Scott, Sarah, and their son Zane are all new to Magic, but the amount of fun and the randomness of Planechase has allowed for expansion of their play preferences to go beyond the regular free for all multiplayer game, as well as doing more than Commander/EDH or even Two Headed Giant… but it has also had the added effect of making it so that they are able to expand on the art of thinking about working within the conditions of the battle field as each turn could result in a new in game condition, both with perks, and penalties.

It adds an extra amount of challenge to the game that can get stale if you are not careful, and that is what Planechase Anthology is all about preventing.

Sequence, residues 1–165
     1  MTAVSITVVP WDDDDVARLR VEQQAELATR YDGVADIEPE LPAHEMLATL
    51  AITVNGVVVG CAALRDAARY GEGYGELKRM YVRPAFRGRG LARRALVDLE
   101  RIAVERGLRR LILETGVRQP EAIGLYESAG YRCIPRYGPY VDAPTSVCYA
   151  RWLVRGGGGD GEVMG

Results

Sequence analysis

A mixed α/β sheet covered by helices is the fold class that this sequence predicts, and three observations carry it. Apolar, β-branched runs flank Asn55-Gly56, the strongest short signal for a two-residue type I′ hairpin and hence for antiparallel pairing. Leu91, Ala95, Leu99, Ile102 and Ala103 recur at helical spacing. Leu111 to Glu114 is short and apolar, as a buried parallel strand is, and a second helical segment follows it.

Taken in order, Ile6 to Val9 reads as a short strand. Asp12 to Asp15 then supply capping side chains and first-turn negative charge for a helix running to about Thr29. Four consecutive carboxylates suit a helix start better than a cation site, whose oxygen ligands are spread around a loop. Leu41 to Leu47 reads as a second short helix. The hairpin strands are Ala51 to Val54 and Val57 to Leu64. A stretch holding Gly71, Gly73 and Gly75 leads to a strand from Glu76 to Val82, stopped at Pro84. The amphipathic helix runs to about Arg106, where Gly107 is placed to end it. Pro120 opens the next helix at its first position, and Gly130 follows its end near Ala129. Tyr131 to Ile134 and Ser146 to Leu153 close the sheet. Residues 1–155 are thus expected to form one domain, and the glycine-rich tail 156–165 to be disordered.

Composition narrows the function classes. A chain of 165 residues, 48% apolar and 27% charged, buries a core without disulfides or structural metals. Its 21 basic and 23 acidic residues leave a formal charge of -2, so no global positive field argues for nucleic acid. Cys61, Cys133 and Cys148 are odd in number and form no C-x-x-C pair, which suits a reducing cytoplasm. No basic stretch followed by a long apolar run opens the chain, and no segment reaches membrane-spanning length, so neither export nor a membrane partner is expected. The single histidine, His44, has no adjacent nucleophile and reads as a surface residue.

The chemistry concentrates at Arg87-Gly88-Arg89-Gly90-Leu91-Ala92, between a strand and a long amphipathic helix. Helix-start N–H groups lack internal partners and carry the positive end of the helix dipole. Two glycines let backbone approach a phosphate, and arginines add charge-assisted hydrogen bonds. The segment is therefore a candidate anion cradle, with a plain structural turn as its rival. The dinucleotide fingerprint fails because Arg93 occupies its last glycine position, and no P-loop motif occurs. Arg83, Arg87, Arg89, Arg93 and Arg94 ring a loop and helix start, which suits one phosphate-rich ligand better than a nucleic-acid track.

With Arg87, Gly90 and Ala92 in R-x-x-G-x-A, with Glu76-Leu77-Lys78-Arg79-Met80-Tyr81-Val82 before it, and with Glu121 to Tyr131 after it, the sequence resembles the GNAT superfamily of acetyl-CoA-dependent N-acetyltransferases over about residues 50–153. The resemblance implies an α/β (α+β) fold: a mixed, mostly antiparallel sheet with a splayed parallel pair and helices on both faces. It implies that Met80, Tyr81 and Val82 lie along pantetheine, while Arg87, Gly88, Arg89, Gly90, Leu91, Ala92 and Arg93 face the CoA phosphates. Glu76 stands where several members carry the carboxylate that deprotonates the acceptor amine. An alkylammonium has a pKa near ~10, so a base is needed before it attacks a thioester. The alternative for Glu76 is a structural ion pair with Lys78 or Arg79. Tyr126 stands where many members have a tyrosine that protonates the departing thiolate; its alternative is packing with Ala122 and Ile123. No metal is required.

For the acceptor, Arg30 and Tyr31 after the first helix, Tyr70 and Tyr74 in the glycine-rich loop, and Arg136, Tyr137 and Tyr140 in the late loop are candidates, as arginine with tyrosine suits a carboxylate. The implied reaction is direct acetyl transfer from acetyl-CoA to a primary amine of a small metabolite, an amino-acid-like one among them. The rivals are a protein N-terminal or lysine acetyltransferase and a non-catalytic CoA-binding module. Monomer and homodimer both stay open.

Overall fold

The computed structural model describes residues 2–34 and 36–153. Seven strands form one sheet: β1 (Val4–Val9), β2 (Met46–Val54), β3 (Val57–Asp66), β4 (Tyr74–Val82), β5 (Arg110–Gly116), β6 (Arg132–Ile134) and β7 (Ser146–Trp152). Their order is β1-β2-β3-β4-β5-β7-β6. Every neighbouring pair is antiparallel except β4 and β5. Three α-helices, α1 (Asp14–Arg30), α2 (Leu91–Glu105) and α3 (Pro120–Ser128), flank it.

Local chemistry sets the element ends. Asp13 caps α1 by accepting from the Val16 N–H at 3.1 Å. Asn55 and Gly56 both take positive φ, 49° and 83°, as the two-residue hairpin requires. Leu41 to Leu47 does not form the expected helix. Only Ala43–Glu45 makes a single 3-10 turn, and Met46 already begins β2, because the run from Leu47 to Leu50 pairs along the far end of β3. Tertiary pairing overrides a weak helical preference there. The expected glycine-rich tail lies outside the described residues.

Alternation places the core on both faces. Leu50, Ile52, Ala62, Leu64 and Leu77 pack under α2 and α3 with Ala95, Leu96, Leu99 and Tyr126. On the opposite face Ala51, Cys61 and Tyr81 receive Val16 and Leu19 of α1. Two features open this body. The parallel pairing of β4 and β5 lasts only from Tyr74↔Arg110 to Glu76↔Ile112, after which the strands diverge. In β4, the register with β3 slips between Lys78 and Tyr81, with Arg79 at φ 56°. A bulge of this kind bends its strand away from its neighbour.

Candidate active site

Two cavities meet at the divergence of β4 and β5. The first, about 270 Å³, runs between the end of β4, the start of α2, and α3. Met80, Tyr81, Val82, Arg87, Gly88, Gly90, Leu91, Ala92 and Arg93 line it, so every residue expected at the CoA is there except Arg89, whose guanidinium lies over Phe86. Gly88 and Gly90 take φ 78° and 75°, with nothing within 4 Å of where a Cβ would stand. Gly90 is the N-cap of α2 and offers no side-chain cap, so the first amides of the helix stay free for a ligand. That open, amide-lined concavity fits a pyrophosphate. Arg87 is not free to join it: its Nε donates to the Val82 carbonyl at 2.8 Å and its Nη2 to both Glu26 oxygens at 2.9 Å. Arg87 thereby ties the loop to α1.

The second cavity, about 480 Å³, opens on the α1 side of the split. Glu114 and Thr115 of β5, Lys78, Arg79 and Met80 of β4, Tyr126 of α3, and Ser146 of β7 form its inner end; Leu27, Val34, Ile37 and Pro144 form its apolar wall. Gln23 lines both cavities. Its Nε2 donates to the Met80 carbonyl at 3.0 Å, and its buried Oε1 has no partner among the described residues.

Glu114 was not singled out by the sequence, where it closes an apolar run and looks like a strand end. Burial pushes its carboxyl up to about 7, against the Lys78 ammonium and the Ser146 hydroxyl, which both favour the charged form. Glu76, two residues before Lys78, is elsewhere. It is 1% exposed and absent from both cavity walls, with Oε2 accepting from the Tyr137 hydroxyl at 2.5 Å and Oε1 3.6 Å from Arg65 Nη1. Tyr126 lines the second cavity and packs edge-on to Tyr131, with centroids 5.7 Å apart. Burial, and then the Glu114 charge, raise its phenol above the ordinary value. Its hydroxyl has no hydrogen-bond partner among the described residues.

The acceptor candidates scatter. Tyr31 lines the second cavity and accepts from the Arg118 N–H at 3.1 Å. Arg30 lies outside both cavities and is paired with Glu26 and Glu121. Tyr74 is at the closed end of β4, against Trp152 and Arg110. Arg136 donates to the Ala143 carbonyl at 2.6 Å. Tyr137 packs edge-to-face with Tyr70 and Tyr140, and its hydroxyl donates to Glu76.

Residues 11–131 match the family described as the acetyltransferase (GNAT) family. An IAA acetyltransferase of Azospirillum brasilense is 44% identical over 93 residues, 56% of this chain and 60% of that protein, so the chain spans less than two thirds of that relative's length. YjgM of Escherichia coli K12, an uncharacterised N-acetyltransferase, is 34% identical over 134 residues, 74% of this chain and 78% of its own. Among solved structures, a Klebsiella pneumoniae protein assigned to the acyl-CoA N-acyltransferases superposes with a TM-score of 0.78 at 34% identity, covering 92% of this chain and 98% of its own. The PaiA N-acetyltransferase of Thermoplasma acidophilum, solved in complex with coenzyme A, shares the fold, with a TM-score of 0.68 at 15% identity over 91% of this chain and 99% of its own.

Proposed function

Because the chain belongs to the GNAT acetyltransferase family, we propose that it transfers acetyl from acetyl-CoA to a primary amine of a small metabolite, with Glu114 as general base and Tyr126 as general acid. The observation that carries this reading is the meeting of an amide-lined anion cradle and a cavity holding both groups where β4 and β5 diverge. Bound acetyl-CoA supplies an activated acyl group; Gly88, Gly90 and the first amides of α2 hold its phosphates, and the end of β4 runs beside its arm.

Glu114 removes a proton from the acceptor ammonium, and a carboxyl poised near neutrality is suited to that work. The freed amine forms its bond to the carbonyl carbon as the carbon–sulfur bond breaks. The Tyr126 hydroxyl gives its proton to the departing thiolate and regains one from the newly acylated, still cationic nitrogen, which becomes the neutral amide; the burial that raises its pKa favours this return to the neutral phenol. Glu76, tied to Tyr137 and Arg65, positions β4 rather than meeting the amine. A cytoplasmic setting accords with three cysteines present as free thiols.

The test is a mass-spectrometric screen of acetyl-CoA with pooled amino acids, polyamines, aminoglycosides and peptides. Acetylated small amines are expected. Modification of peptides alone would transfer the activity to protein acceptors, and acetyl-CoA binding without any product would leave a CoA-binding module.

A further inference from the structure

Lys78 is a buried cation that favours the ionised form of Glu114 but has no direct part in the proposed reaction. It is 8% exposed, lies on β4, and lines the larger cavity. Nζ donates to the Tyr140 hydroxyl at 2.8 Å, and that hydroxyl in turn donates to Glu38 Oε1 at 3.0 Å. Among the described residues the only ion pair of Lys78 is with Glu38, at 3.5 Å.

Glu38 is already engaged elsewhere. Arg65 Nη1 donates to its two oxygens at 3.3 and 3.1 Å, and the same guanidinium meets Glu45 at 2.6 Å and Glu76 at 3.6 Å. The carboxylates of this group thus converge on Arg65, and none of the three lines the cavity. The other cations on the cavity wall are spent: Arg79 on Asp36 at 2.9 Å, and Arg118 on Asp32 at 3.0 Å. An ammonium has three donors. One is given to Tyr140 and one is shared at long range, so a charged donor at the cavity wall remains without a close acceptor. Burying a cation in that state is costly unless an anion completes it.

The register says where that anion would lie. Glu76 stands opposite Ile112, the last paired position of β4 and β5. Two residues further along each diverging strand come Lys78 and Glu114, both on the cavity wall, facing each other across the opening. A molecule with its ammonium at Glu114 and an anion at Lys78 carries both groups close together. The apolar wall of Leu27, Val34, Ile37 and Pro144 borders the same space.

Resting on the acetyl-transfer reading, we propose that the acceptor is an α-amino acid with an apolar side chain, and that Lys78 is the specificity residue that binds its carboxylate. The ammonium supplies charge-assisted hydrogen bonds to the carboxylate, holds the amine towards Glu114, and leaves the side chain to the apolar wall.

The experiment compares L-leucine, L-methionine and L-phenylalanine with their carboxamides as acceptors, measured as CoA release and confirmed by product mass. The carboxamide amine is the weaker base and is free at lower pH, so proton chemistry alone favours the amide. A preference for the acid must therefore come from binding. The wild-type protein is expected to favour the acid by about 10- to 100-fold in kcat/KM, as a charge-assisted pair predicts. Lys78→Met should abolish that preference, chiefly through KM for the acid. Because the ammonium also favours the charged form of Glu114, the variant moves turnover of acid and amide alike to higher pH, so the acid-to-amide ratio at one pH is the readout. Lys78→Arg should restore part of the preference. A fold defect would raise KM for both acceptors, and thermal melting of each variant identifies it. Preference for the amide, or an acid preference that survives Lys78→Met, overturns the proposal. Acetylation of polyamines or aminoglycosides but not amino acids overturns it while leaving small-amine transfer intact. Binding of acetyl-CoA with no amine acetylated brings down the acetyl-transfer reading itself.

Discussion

Magic: The Gathering has always been marketed, and has been able to pride itself on the idea that the games are not alike, but as someone that has played on the competitive end before, I can speak from experience that with some decks, and with some opponents, you can coast through a match on “autopilot”, but not with this box… it is impossible to coast through a match with this game because of the added mechanics, and this leads to an improved immersion to the game itself, and that alone prevents the boredom factor that can plague the mind of a grizzled twenty year (20) plus player like myself can fall into.

So, to wrap this up… if you have the interest and the means to do it, give this format a try, it is quite fun, and has an extremely high replay value.
To get a perspective from the professionals you can check out the reviews from Tolarian Community College:

And from MTG Headquarters: